Second, the BAP addressed the trustee’s argument that Elliott could not claim a homestead exemption because he did not own the property on the petition date. The BAP held that for purposes of CCP § 704.730, continuous residency, not continuous ownership, controls the analysis. That exemption applies to any interest in the property so long as the debtor satisfies the continuous residency requirement set forth in CCP § 704.710(c). Because the bankruptcy court’s inquiry was confined to Elliott’s bad faith, the BAP remanded for the bankruptcy court to determine whether Elliott was, in fact, entitled to a homestead exemption under CCP § 704.730. Third, the BAP identified an alternative statutory basis for denying Elliott’s homestead exemption on remand. Section 522(g) provides that a debtor may claim an exemption in previously-transferred property that a trustee recovers under sections 510(c)(2), 542, 543, 550, 551 or 553 if “such transfer was not a voluntary transfer of such property by the debtor” and “the debtor did not conceal such property.” Since the trustee prevailed in her turnover action under section 542, Elliott’s right to claim an exemption is limited by section 522(g), and the BAP suggested that the limitation be considered on remand.


Some bankruptcy courts interpret Law v. Siegel narrowly, limiting its holding to cases in which trustees seek to surcharge exemptions after the objection period has expired. These courts continue to follow Michael and Arnold, sustaining timely filed objections when debtors conceal assets and then amend their schedules to claim exemptions after trustees discover and incur expenses administering those assets. The trustee in Elliott conceded the point in her brief, so the BAP’s decision was rendered without the benefit of a party advocating a contrary position. Before bankruptcy courts, this likely remains an open issue.

These materials were written by John N. Tedford, IV, of Danning, Gill, Diamond & Kollitz, LLP. Editorial contributions were provided by ILC member Doris A. Kaelin, of Gordon & Rees LLP.

Thank you for your continued support of the Committee.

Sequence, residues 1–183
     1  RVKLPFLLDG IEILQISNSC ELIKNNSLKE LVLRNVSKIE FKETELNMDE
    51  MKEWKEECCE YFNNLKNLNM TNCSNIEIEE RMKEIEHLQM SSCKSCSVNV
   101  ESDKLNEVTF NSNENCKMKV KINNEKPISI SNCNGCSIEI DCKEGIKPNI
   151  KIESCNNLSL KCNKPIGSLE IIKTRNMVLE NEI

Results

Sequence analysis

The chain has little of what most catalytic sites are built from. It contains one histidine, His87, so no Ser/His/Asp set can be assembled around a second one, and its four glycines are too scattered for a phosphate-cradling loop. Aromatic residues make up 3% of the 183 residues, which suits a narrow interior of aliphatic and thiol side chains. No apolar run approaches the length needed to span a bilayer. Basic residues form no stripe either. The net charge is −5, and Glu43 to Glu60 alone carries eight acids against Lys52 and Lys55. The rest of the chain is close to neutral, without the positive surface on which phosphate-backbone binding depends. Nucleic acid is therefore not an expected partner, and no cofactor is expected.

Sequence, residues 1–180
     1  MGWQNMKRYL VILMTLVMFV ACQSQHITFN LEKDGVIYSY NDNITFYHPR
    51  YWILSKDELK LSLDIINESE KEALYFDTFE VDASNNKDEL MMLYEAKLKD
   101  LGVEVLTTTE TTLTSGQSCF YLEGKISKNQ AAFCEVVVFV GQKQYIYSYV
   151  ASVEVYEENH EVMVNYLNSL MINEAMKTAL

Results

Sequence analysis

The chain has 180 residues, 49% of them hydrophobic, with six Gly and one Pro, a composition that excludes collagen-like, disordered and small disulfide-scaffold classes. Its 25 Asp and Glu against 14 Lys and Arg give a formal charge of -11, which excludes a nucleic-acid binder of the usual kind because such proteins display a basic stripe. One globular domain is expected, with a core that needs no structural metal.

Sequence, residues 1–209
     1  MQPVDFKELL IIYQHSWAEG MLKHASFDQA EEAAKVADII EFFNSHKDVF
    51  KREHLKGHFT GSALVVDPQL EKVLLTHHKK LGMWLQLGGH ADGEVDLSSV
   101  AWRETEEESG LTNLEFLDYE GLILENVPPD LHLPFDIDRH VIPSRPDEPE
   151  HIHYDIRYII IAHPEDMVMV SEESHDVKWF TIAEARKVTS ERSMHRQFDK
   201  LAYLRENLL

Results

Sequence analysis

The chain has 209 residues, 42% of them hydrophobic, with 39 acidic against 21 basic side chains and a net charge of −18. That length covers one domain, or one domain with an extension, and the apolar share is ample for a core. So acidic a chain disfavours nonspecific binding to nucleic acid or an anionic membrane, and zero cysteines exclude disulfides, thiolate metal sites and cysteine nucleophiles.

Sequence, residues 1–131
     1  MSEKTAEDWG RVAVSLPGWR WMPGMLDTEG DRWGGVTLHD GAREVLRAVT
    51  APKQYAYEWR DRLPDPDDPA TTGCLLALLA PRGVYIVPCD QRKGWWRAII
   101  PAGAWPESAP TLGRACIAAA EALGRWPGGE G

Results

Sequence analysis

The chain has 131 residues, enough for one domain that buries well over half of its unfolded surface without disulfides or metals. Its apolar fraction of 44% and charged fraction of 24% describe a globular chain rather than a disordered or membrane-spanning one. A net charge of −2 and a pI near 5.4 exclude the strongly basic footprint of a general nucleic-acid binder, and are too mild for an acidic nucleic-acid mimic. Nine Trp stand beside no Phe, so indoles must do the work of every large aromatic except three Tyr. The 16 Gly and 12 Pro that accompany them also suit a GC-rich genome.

Best regards,

Insolvency Law Committee

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Bankruptcy Decision Addressing Effective Service, Bankruptcy E-Bulletin, Insol. L. Comm., Bus. L. Sec., Cal. State Bar (Aug. 26, 2013).


The U.S. Bankruptcy Appellate Panel of the Ninth Circuit (“BAP”) affirmed the Central District of California bankruptcy court’s denial of a bank’s motion for relief from stay in a single asset real estate chapter 11 case because the bank failed to serve parties on the list of 20 largest unsecured creditors to the attention of an “officer, a managing or general agent,” or other authorized agent, as required under the applicable rules. Bank of America, N.A. v. LSSR, LLC (In re LSSR, LLC), BAP No. CC-12-1636 (9th Cir. BAP May 29, 2013). To read the full decision, click,%20LLC%20Memo%2012-1636.pdf


The chapter 11 debtor owned real property encumbered by a bank’s trust deed. The bank’s trust deed also encumbered real properties owned by affiliates of the debtor. The bank commenced a state court action against the debtor, its affiliates and other related entities (“Defendants”) for defaulting on their obligations under the trust deed. A resolution of that litigation required those Defendants to enter into a “Confession of Judgment” accepting joint and several liability to the bank for over $5,000,000, which the bank would file if the Defendants defaulted further.

The debtor filed a chapter 11 petition and the bankruptcy court determined it to be a single asset real estate debtor. Thereafter, the debtor’s manager paid the bank the monthly interest on the loan. The bank filed a motion for relief from stay claiming that the payment was both not enough and made by the debtor’s manager (rather than the debtor).

There were two unsecured creditors listed on the debtors’ schedules. The bank’s proof of service indicated service on the two unsecured creditors at their addresses but not to the attention of any officer or registered agent. The bankruptcy court denied the motion because: (1) the bank did not properly serve the 20 largest unsecured creditors; and (2) the debtor made the payment required in a single asset real estate case. See 11 U.S.C. § 362(d)(3). The bank appealed.


The BAP affirmed the bankruptcy court’s decision. The BAP found that the bank did not serve the motion in compliance with the Federal Rules of Bankruptcy Procedure (“FRBP”) and the Local Bankruptcy Rules of the United States Bankruptcy Court for the Central District of California (“LBR”). In a chapter 11 case, the FRBP and LBR require a motion for relief from stay to be served on the unsecured creditors committee or, if none is appointed, on the 20 largest creditors. Further, in a contested matter, such as a motion for relief from stay, service on a corporation or partnership must be “to the attention of an officer, a managing or general agent” or to an authorized agent for service of process. FRBP 4001(a)(1), 7004(b), 9014(b). The proof of service must also “explicitly indicate how each person who is listed on the proof of service is related to the case.” LBR 9013-3(c).

The BAP determined that service of the motion was defective because the bank did not indicate on the proof of service that the motion was mailed to “an officer, a managing or general agent or any other authorized agent” of the two unsecured creditors.

Author’s Comment:

Although personal service is often not necessary in bankruptcy cases, this case is a reminder of the need to pay attention to detail, particularly the applicable federal and local rules, when executing service by United States mail.

These materials were prepared by Zev Shechtman ( of Danning, Gill, Diamond & Kollitz, LLP, in Los Angeles, California. Editorial contributions were provided by ILC member Asa S. Hami of SulmeyerKupetz, PC, in Los Angeles, California.